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Ansible for AWS – Managing Cloud Made Easy

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Companies have invested a large amount of time and money developing and installing software to improve their operations. The introduction to cloud computing offered their business to access software on the internet as service which proved to be more efficient and safe. Integrating an IT automation tool like Ansible which will easily provision and manage your cloud infrastructure like AWS is like hitting the jackpot. And that’s what we’re going to talk about in this Ansible for AWS blog.

Agenda:

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Why Companies Migrate To The Cloud?

As mentioned earlier, Could Computing lets companies access servers like software over the internet. To make it clear, Cloud Computing is like plugging into a central power grid instead of generating your own power. Cloud has become the new normal and this ends up saving a lot of time and money. Let’s have a look at a few advantages of why companies migrate to the cloud.

1. Flexibility:

Business growth is never static. Cloud-based services are suitable for growing and fluctuating business demands. A feature to scale up and scale down your deployment based on the requirement makes it very flexible.

2. Disaster Recovery:

Every business should have invested in disaster recovery. Every fortune company ends up investing a ton lot on disaster recovery. Startups and low budget companies lack the money and the required skill for this and are unable to have a proper functional disaster recovery trait. Cloud provides disaster recovery solutions for the customers to develop robust and cost-effective plans.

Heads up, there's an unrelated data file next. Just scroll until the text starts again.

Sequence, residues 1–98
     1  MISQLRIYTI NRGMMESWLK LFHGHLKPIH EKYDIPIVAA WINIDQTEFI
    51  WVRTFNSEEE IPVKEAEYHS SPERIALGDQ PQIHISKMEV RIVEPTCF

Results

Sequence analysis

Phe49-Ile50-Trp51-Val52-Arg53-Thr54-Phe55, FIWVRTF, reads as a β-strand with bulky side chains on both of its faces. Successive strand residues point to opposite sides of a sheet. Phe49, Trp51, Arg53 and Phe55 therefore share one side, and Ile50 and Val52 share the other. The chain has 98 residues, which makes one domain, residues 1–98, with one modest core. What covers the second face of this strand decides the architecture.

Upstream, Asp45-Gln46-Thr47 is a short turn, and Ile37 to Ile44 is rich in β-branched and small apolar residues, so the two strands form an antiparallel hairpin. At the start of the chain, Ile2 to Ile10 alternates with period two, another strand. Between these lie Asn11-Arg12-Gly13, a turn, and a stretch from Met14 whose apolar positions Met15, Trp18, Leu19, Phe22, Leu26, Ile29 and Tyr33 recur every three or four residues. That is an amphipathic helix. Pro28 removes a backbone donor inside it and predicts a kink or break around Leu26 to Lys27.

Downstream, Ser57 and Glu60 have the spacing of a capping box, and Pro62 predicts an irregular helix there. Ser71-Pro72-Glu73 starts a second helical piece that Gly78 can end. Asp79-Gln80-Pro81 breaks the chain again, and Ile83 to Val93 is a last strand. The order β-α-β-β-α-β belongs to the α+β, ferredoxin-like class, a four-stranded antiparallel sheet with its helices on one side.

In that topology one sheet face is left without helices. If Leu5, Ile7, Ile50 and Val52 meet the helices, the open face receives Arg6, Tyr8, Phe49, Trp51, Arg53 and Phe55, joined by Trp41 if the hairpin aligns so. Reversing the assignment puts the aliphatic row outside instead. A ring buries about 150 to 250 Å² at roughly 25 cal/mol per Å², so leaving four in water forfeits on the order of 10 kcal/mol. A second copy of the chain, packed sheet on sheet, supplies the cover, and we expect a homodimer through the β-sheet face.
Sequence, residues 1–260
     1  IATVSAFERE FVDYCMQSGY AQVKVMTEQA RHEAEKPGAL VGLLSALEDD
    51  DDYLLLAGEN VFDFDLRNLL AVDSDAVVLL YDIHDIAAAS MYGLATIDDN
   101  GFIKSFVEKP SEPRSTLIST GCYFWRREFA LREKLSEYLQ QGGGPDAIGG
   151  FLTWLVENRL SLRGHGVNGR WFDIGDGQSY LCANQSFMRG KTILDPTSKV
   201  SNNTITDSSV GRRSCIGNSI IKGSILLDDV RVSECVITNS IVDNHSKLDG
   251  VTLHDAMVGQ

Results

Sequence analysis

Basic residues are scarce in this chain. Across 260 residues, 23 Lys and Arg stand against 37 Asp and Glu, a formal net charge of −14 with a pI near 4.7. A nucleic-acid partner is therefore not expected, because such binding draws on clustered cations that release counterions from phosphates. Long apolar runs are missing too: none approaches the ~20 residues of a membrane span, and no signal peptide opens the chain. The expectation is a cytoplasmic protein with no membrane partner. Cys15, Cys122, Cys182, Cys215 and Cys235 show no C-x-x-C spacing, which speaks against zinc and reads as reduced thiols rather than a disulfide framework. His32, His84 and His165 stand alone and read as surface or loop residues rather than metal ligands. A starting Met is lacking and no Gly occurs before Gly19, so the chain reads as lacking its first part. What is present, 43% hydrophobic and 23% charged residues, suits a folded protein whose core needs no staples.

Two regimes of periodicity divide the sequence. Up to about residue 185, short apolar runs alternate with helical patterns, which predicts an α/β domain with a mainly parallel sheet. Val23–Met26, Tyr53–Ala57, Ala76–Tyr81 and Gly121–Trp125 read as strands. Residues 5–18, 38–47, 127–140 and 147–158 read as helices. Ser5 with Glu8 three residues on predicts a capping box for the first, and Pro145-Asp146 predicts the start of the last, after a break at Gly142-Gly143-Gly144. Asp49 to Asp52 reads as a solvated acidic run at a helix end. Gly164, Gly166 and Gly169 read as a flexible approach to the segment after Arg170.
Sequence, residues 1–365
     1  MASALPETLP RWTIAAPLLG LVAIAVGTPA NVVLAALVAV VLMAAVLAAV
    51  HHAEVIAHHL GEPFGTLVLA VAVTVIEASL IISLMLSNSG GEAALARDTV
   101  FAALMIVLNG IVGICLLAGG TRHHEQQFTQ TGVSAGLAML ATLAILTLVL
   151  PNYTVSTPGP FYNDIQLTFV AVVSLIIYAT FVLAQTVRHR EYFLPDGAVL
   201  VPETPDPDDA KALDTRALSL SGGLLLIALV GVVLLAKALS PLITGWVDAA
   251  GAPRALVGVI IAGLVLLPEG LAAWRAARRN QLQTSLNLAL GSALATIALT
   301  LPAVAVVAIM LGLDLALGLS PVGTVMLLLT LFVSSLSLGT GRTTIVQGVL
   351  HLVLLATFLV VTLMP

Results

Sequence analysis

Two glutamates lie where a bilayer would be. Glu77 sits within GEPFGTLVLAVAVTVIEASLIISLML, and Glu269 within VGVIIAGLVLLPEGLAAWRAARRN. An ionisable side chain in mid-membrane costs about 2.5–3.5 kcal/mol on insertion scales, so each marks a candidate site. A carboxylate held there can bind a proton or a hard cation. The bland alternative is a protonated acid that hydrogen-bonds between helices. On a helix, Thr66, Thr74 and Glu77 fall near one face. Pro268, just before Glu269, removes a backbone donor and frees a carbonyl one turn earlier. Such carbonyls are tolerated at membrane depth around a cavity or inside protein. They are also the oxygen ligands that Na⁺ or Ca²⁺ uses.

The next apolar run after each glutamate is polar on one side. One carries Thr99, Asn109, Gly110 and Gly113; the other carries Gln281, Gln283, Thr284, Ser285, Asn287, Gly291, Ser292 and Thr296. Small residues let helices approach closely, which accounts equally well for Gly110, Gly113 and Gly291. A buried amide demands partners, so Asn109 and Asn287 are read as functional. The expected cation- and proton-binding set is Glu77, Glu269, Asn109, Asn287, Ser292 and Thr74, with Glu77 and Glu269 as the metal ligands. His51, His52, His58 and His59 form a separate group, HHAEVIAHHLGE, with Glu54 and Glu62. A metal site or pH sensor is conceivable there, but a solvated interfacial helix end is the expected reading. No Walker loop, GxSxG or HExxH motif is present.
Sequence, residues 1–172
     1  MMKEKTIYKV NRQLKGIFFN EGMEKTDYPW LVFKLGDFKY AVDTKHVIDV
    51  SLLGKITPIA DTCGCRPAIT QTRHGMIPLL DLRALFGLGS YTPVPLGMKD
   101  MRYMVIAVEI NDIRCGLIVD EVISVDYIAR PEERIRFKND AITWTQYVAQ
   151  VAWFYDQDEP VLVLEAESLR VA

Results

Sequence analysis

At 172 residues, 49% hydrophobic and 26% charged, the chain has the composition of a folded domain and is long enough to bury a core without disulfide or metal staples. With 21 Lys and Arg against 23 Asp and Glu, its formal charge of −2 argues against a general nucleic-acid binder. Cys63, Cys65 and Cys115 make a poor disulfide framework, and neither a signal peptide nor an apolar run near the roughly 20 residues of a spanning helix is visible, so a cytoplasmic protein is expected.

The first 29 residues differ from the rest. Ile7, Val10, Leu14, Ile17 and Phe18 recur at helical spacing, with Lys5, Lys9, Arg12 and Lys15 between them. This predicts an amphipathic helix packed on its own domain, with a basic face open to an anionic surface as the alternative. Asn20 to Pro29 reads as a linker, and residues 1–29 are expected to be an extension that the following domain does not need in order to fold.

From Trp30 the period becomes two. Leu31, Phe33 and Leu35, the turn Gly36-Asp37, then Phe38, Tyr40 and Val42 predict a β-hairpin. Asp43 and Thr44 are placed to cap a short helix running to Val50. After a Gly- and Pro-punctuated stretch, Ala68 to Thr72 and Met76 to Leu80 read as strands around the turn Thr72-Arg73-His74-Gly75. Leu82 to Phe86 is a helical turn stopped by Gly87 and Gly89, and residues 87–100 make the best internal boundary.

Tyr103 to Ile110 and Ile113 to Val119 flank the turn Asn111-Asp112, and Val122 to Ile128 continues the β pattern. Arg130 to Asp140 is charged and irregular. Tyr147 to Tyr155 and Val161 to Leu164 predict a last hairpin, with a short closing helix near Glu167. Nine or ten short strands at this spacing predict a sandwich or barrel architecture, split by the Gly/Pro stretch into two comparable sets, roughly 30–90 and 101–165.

3. Automatic Software Updates:

As you already know, the cloud is the service provided by the internet and hence all the servers are out of your reach or rather not your headache. Suppliers take care of them which includes updating when required and running regular security check-ups. This again ends up saving a lot of time and money.

4. Reduced Costs:

Establishing a data center from scratch can get expensive. Running and maintaining adds up to the expenses. You need the right technology, right hardware, right staff with the right knowledge and experience which just sounds like a lot of work to me. Also, not very promising, there are a million ways this could go wrong. Migrating to the cloud gives you this plus point.

5. Scalability:

The traditional way of planning for unexpected growth is to purchase and keep additional servers, storage, and licenses. It may take years before you actually use them. Cloud platforms allow you to scale up these resources as in when needed. This dynamic scaling goes perfectly for unpredictable growth.

6. Data Security:

Most of the times, it’s better to keep your data on the cloud over storing them on a physical device like laptops or hard disks. There are high chances of these physical devices getting stolen or shattered. Cloud allows you to remotely either remove the data or transfer them to another server making sure that data remains intact and safe.

7. Increased Collaboration:

Using cloud platforms allows the team to access, edit and share documents anytime, anywhere. They are able to work together hence increasing the efficiency. This also provides real-time and transparent updates.

Ansible Features

Ansible has some unique features and when such features collaborate with Amazon Web Services, leaves a mark. Let’s have a look at these incredible features:

  1. Ansible is based on an agentless architecture, unlike Chef and Puppet
  2. Ansible accesses its host through SSH which is makes the communication between servers and hosts feel like a snap
  3. No custom security infrastructure is needed
  4. Configuring playbooks and modules is super easy as it follows YAML format